25 June 2018

6.30pm8.30pm on 26 June 2018

This event will explore questions raised by Big Data, the 100,000 Genomes Project and the new national NHS Genomic Medicine Service. The event is produced by Progress Educational Trust in partnership with Genomics England, as part of the Genomics Conversation.

The discussion will be chaired by TIMANDRA HARKNESS (author of the book Big Data: Does Size Matter?), with speakers including PROFESSOR ANN DALTON (Sheffield Children’s Hospital), PROFESSOR ANTHONY BROOKES (University of Leicester), PROFESSOR TIM HUBBARD (Genomics England) and DR NATALIE BANNER (Understanding Patient Data).

This event is taking place at University College London‘s Institute of Child Health. Email sstarr [at] progress.org.uk to book your FREE place(s).


22 November 2016

Progress Educational Trust public conference

Wednesday 7 December 2016, 9.30am5pm

Speakers include PROFESSOR MAGDALENA ZERNICKA-GOETZ from the University of Cambridge (leader of recent research in which human embryos were cultured in vitro for 13 days, the longest time ever achieved), DR KATHY NIAKAN from the Francis Crick Institute (the first researcher licensed by the UK regulator to use genome editing in human embryo research), and LORD GEORGE CAREY from the House of Lords (former Archbishop of Canterbury).

There will also be Keynote Addresses by BARONESS MARY WARNOCK (who originally proposed the 14-day limit on human embryo research, and whose Warnock Report is arguably the world’s most influential analysis of the ethics of assisted reproduction and embryo research) and PROFESSOR SIR IAN WILMUT (creator of Dolly the sheep, the first mammal ever cloned from an adult cell).

Other confirmed speakers and chairs include:

DR SIMON FISHEL (Founder and President of CARE Fertility, and one of the first researchers to demonstrate that embryos are capable of responding to their environment)

PROFESSOR BRUCE WHITELAW (Deputy Director of the Roslin Institute, and pioneer in research involving transgenic and genome-edited animals)

SALLY CHESHIRE (Chair of the Human Fertilisation and Embryology Authority)

PROFESSOR ALISON MURDOCH (Former Director of the Newcastle Fertility Centre, and leader of the first research in which an early embryo was created from a human nuclear transfer procedure)

PROFESSOR DAVID JONES (Director of the Anscombe Bioethics Centre)

PROFESSOR SARAH FRANKLIN (Director of the University of Cambridge‘s Reproductive Sociology Research Group)

PROFESSOR STEPHEN WILKINSON (bioethicist and author of the book Choosing Tomorrow’s Children: The Ethics Of Selective Reproduction)

DR ROGER HIGHFIELD (Director of External Affairs at the Science Museum Group)

FIONA FOX (Chair of the Progress Educational Trust and Chief Executive of the Science Media Centre)

SARAH NORCROSS (Director of the Progress Educational Trust)

Conference sessions include:





Symposium: How Companies Use Genetic and Health Data: Protecting Patient Confidence

6 January 2015

Friday 30th January 2015, 09:30 – 16:30, Sheffield Law School

Sheffield Institute for Biotechnology Law and Ethics (SIBLE) and the Wellcome Trust are holding a symposium to consider the appropriate use of patient health and genetic data by commercial organisations.

The symposium will provide an opportunity to hear and discuss the approach to commercial access to data taken by some key national and international projects and resources. There is evidence that commercial access to data is relevant to public confidence in the safeguards and governance designed to protect health and genetic data. What controls on access currently exist? To what extent do these controls currently regulate access by commercial organisations?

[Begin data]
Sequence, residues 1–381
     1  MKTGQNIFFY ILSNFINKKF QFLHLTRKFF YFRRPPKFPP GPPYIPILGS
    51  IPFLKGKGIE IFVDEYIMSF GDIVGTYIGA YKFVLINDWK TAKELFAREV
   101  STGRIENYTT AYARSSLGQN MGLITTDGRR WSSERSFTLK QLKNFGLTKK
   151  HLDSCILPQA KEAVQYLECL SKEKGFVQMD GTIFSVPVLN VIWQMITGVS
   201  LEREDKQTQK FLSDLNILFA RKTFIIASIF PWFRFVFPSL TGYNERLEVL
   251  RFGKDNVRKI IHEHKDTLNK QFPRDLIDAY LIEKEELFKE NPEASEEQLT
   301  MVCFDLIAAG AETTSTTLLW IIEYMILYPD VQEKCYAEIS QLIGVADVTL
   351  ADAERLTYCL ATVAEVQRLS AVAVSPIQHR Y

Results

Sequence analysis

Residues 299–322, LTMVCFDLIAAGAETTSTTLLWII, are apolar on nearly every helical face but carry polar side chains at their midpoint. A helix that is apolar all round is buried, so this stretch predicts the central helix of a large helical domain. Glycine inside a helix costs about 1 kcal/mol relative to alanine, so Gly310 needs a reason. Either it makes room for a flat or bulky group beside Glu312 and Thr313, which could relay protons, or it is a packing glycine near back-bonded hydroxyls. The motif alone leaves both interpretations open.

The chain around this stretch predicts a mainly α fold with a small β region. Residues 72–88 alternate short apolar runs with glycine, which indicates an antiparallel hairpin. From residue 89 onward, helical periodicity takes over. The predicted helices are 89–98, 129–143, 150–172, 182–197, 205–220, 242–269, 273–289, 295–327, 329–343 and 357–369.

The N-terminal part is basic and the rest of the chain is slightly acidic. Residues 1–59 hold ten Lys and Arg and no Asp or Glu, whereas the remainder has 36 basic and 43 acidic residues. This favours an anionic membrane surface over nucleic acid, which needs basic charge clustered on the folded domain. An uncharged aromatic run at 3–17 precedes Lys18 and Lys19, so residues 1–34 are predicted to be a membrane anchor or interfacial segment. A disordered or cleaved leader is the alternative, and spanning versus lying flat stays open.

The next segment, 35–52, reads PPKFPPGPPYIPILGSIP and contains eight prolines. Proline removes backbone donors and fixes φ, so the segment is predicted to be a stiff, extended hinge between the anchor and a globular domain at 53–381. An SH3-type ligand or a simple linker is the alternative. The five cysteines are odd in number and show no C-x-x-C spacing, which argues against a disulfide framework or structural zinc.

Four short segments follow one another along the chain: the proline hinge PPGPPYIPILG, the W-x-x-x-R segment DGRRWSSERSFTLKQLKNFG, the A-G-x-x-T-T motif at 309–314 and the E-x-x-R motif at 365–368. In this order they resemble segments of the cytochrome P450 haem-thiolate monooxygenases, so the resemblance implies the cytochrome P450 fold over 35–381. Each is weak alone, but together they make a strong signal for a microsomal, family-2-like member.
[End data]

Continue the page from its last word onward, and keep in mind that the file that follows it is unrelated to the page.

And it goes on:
This is an opportunity to share current practice and consider alternative views on commercial access to genetic and health data in the future. From a commercial perspective, what are potential uses of genetic and health data in practice? From a patient and public perspective, what approach toward regulating access to commercial organisations, or for commercial use, might best promote public trust and confidence?

The event is open to anyone interested in the issues and may be relevant to policy makers, those responsible for managing access to health and genetic resources, patients, and members of the public.

Programme and booking information here.

For enquiries relating to this event please contact the Research Support Team at the School of Law: law-research@sheffield.ac.uk

Job: Policy Analyst (Biomedical Law and Regulation)

7 November 2013

Policy Analyst (Biomedical Law and Regulation)
PHG Foundation

Cambridge, UK
£35 – 40K per annum plus benefits
Full time or part time (min 28 hours p.w.)

The PHG Foundation is looking for a talented and enthusiastic professional with a legal background who is passionate about seeing biomedical research translated effectively into healthcare. Working as part of a multidisciplinary team, your role will be to provide sound legal and regulatory analysis for the Foundation’s health policy projects.

We are open-minded about background, but you must have a good first degree in law, social science, philosophy or similar subject; an excellent grasp of the legal, regulatory and ethical landscape around genomics and health; and first class analytical, drafting and communication skills. A postgraduate qualification in medical law, ethics or similar would be a distinct advantage but, most importantly, you must be able to transfer your academic grounding into actionable policy applications.

You will be an excellent networker and have the personal qualities to work creatively and effectively in a small team of highly-motivated colleagues who are committed to developing the PHG Foundation as an international health policy institute.

The Foundation is an equal opportunity employer.

The deadline for applications is 5pm, Thursday 14 November 2013. Interviews will be held in Cambridge on 25 November 2013.

Lectures: CMLE Lent Lectures on ‘Genetics, Ethics and the Law’